The Centers for Disease Control and Prevention and the National Center for Health Statistics conducted the NHANES III from January 1, 1988, through December 31, 1994, among a nationally representative sample of the civilian noninstitutionalized US population. The survey method included 2 phases and used a stratified probability sample with oversampling of non-Hispanic black subjects, Mexican Americans, and adults older than 60 years, the details of which are published elsewhere.31 For the analyses presented herein, the sample was limited to persons aged 40 to 79 years to limit the impact of selectable mortality bias and confounders due to diet changes. Results of previous analyses in this population32 and of the relationships reported within (data not shown) indicate that relationships in the older groups differ from those in younger groups. The survey included results of a household interview, a medical examination that took place in a mobile examination center, and phlebotomy. During the household interview, demographic, socioeconomic, health history, and dietary data were collected. Information regarding food intake was gathered using a 24-hour diet recall method and a 60-item food frequency questionnaire (FFQ). The medical examination included a physical examination, fundus photography, urine collection, and collection of blood samples for the measurement of a number of hematologic factors.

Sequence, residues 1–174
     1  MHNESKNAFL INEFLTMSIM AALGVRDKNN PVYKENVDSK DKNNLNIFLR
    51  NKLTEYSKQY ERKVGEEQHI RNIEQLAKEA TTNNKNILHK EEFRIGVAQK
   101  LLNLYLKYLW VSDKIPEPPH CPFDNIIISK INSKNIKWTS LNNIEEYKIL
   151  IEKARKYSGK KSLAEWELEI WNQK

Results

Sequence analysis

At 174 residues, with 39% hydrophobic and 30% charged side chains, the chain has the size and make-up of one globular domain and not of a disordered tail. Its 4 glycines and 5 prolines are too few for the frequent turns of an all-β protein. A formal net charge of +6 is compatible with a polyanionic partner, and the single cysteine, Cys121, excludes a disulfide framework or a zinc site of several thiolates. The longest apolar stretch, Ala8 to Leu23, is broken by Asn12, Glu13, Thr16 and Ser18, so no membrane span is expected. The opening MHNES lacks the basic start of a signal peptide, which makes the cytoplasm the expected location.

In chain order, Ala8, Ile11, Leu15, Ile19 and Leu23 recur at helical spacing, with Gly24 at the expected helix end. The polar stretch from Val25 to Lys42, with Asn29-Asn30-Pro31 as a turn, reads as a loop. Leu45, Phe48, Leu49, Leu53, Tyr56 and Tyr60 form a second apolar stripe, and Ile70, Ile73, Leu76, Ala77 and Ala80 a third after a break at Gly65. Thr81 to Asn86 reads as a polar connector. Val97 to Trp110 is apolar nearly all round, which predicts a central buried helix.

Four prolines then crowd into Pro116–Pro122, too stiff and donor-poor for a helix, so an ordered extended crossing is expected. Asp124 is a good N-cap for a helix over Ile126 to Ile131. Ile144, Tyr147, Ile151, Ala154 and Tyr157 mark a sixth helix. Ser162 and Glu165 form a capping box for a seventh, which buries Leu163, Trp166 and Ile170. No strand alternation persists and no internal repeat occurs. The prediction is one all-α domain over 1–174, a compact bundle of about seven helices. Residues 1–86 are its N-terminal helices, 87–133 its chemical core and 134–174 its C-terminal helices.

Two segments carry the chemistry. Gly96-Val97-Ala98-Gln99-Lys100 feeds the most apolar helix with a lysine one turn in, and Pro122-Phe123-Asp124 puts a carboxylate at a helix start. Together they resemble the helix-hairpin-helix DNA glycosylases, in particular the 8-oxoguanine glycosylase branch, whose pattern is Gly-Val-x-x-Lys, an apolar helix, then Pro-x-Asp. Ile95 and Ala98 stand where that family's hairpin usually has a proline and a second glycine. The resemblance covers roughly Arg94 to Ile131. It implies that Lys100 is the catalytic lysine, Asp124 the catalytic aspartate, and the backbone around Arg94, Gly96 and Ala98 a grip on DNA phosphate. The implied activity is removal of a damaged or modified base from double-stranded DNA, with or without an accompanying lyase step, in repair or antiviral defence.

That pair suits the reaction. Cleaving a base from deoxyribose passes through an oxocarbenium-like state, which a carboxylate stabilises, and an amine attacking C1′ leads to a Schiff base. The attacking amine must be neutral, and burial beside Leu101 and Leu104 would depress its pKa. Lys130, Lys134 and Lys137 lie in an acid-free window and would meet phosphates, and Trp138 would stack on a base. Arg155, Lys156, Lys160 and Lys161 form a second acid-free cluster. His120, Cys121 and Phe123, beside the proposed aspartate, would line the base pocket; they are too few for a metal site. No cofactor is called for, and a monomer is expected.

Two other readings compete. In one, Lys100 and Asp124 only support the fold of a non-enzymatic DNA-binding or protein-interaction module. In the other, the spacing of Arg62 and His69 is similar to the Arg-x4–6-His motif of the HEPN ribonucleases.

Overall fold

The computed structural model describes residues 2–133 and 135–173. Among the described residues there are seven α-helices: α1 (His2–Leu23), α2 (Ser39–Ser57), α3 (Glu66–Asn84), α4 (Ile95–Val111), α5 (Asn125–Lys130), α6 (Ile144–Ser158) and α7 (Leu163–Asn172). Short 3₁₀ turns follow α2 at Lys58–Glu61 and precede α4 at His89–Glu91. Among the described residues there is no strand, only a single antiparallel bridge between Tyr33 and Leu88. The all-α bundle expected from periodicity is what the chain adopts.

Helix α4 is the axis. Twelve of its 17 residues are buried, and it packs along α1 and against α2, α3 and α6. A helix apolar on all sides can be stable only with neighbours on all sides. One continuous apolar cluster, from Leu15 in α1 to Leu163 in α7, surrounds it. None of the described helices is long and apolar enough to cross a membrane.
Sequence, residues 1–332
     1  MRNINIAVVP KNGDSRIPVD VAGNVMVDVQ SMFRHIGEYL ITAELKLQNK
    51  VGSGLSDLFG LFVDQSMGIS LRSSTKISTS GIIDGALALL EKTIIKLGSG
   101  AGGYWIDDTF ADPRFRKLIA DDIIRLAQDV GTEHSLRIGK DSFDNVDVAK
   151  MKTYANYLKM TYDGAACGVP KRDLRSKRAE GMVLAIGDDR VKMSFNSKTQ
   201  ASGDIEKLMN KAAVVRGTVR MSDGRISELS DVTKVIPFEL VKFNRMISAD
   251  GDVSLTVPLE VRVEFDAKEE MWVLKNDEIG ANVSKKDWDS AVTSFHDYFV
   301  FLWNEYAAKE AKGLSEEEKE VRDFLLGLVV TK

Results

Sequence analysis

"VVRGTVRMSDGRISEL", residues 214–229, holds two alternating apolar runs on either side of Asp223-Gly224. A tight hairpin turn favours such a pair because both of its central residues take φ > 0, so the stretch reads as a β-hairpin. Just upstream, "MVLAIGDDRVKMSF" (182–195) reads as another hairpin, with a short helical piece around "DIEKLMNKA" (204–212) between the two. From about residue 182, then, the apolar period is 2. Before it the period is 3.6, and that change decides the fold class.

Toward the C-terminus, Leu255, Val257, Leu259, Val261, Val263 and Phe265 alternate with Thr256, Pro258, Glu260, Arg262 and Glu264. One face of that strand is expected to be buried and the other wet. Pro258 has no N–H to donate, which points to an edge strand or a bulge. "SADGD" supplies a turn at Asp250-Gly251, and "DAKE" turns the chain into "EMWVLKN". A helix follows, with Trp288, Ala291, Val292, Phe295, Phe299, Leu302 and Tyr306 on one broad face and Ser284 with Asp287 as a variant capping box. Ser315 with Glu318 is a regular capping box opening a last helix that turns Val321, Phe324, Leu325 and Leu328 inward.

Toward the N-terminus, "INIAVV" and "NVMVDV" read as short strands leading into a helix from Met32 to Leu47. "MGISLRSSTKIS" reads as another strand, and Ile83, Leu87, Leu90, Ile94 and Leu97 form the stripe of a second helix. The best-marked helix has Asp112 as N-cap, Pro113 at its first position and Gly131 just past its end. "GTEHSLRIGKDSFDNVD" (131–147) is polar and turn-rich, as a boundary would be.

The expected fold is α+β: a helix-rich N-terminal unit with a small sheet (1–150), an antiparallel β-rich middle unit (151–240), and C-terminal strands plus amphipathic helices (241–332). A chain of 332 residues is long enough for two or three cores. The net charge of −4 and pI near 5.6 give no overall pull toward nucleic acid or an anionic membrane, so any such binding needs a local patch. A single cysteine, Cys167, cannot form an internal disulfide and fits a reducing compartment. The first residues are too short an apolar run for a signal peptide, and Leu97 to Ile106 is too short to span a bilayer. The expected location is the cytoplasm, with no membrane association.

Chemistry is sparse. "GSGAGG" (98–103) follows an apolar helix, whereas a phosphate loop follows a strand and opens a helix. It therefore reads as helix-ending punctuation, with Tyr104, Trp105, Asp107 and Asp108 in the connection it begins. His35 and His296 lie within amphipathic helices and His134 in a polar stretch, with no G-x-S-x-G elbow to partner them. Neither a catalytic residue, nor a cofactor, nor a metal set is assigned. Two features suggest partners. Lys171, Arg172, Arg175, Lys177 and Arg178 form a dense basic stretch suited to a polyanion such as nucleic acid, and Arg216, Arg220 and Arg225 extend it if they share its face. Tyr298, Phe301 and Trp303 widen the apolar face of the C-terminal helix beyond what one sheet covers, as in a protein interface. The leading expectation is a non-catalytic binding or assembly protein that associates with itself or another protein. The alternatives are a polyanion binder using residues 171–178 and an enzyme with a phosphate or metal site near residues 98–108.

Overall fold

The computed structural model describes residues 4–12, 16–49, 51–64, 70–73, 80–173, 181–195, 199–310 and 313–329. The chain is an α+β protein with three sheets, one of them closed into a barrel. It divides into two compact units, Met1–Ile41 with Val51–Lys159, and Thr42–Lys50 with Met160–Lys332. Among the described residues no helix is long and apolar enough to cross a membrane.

Nonmydriatic fundus photographs were taken at the mobile examination center for participants 40 years or older. One eye was randomly selected, and a single color photograph was taken. Photographic fields were subsequently graded using modified Wisconsin Age-Related Macular Degeneration Grading System criteria, described in detail elsewhere.33,34 Two lesions of early ARM were quantified (soft drusen and pigmentary abnormalities) with the categorization of early and late ARM. The consistency of the masked grading has been described elsewhere.35